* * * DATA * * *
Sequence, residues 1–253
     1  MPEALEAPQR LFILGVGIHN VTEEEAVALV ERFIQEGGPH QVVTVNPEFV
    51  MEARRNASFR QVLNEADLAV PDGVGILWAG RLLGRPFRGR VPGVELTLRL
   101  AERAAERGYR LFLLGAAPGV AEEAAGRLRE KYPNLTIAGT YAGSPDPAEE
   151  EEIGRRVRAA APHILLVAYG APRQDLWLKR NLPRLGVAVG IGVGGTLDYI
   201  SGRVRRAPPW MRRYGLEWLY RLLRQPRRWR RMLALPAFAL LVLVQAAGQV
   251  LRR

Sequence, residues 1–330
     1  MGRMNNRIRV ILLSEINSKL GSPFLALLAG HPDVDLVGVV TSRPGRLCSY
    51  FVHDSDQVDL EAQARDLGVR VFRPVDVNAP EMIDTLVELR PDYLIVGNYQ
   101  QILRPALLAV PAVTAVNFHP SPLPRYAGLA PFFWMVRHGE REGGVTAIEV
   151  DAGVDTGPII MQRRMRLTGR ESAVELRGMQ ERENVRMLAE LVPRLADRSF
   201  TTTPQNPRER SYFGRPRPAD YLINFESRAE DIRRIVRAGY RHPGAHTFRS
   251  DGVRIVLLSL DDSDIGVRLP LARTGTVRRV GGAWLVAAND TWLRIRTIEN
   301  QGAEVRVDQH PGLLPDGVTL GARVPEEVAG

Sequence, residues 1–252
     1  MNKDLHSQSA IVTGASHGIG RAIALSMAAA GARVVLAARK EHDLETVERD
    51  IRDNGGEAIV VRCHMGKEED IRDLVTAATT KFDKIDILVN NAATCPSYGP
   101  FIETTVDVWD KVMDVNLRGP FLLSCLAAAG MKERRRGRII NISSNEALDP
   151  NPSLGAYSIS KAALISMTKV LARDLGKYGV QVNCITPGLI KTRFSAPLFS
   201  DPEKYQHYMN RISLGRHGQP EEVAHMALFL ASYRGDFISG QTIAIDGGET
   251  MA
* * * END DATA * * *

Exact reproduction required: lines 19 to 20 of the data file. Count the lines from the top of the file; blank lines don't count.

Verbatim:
   101  FIETTVDVWD KVMDVNLRGP FLLSCLAAAG MKERRRGRII NISSNEALDP
   151  NPSLGAYSIS KAALISMTKV LARDLGKYGV QVNCITPGLI KTRFSAPLFS